table is awesome…sad about the critters. I’ve been taught to microwave small pieces that are possibly full of bugs…have found many in bowl blanks…

Maybe you can build a box around the table and cook it…sorta like a kiln…surely that will ruin the finish, but looks like you’ve got a big problem.

I’ve seen temps of 130 recommended for at least 6 hours…not tried anything this large myself…good luck!

-- tr ...see one, do one, teach one...

View Gary's profile


1313 posts in 4467 days

#10 posted 02-11-2012 03:46 PM

The termite professionals sell a boric acid based powder which can be sprinkled on the surfaces of the wood.
It will penetrate to a depth of around 1/2” to 3/4”.
If it were me, I’d try to enclose the table in a visquene sealed tomb (similar to what you might make for fuming quarter-sawn oak to produce a dark patina), sprinkle the powder on all surfaces, and leave it a while.

-- Gary, Florida

View a1Jim's profile


117232 posts in 3720 days

#11 posted 02-11-2012 04:45 PM

that’s one beautiful hunk of wood

-- wood crafting & woodworking classes

View RWJones's profile


127 posts in 3020 days

#12 posted 02-12-2012 02:23 AM

Just a thought, maybe build a makeshift kiln. Control the temp to no higher than 140 degrees for a few hours. Might damage the finish more than the insects have, but should take care of the problem.

View DocSavage45's profile


8699 posts in 2985 days

#13 posted 02-12-2012 05:15 PM

I would be proud of the piece if I built it, and it is a lesson for all of us regarding insects and air drying? Boric acid comes in a powdder. It is in a number of insecticides. I attempted to treat pine that was available in untreated wood for exterior builds. It dried in same powder form, don’t know if it was successful. Boric acid is safe for humans ( if I remember correctly).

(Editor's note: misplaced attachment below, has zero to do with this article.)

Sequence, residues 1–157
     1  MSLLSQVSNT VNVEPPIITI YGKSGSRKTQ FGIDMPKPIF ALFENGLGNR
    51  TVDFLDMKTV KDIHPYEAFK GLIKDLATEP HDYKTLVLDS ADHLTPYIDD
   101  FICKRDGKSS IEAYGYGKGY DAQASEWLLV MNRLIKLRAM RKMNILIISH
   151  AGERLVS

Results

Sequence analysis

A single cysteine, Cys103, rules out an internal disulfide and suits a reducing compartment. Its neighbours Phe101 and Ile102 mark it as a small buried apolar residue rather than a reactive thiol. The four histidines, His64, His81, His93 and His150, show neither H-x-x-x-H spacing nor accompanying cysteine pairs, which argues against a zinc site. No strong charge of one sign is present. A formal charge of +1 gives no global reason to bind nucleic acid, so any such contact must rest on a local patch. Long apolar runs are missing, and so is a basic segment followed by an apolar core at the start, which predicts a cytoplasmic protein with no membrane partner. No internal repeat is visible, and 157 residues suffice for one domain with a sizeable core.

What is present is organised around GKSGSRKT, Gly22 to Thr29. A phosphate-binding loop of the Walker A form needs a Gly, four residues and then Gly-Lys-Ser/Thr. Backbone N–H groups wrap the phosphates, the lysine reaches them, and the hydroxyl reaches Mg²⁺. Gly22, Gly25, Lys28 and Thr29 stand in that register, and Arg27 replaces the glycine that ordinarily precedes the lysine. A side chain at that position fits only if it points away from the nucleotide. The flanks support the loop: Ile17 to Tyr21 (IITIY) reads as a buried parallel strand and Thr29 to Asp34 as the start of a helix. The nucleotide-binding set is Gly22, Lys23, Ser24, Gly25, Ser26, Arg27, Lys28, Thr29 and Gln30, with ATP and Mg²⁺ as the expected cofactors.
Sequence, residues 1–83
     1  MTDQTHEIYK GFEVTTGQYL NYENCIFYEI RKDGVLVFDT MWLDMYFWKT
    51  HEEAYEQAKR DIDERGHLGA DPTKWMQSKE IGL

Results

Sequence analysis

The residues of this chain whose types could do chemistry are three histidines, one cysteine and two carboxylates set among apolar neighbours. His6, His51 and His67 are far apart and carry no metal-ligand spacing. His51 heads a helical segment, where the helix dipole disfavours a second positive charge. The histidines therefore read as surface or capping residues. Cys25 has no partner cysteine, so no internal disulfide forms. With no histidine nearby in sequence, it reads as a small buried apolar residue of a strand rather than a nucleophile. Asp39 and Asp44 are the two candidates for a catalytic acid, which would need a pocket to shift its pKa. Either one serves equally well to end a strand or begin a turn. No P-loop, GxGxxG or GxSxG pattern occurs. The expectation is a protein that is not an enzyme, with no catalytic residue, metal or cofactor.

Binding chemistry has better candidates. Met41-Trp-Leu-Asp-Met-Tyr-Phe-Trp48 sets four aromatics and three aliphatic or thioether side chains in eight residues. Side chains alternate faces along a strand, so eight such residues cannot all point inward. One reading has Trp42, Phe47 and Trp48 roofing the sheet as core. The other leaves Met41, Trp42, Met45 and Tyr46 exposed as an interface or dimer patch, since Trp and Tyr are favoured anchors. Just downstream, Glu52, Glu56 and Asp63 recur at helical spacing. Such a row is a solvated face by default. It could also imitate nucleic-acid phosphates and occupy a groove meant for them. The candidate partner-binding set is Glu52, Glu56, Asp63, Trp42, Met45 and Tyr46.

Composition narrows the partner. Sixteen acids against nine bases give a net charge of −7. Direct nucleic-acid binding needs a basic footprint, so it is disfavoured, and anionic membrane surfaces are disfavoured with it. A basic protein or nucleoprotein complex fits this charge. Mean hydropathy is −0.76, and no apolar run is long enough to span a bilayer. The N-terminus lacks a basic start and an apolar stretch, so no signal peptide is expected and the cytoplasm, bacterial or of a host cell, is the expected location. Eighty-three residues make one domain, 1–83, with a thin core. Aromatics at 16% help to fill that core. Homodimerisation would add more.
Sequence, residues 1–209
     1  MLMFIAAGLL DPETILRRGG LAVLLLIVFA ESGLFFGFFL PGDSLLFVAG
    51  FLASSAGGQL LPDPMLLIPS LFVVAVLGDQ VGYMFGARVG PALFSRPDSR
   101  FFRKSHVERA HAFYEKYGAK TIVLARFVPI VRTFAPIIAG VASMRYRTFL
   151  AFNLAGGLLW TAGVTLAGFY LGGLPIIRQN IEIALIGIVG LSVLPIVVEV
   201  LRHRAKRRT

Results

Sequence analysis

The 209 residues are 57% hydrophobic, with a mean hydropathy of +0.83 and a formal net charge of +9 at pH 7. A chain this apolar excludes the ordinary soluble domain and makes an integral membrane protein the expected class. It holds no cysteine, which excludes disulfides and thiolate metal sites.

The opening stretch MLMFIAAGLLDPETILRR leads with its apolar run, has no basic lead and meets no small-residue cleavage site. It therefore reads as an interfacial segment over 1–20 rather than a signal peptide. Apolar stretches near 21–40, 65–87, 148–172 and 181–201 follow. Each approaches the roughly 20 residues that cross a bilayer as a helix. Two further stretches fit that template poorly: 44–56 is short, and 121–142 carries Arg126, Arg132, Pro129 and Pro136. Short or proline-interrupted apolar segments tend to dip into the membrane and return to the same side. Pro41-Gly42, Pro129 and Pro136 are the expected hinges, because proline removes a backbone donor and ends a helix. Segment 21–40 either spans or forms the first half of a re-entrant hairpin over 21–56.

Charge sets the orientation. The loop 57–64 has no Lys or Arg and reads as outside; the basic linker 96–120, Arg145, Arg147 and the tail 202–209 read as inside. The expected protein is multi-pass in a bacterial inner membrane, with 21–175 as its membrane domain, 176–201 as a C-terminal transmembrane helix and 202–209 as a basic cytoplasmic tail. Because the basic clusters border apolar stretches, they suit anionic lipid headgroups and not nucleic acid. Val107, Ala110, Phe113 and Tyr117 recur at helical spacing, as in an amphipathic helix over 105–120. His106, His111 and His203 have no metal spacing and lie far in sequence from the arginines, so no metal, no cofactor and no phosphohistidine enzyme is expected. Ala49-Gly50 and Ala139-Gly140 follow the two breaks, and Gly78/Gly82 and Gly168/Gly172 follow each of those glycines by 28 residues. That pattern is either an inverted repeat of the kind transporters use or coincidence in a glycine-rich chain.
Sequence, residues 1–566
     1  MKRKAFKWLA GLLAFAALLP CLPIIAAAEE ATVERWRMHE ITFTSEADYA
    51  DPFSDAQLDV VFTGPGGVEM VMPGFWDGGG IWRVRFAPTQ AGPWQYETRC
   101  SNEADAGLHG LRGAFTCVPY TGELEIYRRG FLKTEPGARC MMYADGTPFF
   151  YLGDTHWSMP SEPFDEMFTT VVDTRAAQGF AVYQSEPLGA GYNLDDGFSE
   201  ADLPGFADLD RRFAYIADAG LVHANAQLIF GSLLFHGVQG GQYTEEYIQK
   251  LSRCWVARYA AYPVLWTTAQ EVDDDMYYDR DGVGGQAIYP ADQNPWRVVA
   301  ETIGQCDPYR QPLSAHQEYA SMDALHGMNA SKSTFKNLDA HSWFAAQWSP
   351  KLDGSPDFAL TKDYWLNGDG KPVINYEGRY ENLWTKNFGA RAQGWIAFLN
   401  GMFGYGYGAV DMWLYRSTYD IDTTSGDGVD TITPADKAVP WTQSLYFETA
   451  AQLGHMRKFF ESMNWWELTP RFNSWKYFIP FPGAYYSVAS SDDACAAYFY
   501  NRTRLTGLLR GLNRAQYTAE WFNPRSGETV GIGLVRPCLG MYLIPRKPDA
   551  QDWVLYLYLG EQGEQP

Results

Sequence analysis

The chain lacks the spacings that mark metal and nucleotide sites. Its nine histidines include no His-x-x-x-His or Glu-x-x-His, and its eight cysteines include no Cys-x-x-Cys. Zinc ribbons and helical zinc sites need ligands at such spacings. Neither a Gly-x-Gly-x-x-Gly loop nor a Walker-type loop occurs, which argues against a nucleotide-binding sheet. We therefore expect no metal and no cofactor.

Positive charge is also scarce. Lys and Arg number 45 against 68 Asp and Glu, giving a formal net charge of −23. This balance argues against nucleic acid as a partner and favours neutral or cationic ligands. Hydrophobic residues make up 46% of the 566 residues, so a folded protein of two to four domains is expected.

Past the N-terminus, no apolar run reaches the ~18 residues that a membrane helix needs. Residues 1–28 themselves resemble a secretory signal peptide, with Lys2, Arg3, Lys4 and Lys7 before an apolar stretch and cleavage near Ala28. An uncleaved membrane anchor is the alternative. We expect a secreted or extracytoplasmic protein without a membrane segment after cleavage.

Attempted to air dry outside and found ants etc making nests in my covered piles, Moved them inside into a protected environment. Haven’t gotten to the wood yet, but even though I used the boric acid powder I am sure there will be some problem?

I would agree with taking it apart and removing the finish to save the wood. You could build a small solar kiln as done in poorer countries, I’ve thought about that as an add to my shop, plus the bennifit of solar heating in the winter.

Hope you blog your learning experience.

-- Cau Haus Designs, Thomas J. Tieffenbacher

View Glenn Huovinen's profile

Glenn Huovinen

66 posts in 3083 days

#14 posted 02-18-2012 11:34 PM

I really have been amazed by all of the solutions posted for my creature problem. I very much appreciate them. Here is what I have been doing on a daily basis. using a q tip i have been dabbing an insecticide over the “hole” that have been made. This seemed to help but the little piles of dust would reappear 2 days later. Now I am poking a larger hole with a fine needle and then applying the insecticide. That seems to work better. I will keepdoing that until I no longer see and duct piles. The and only then will I present this table to my Daughter and her Husband.

-- Glenn Huovinen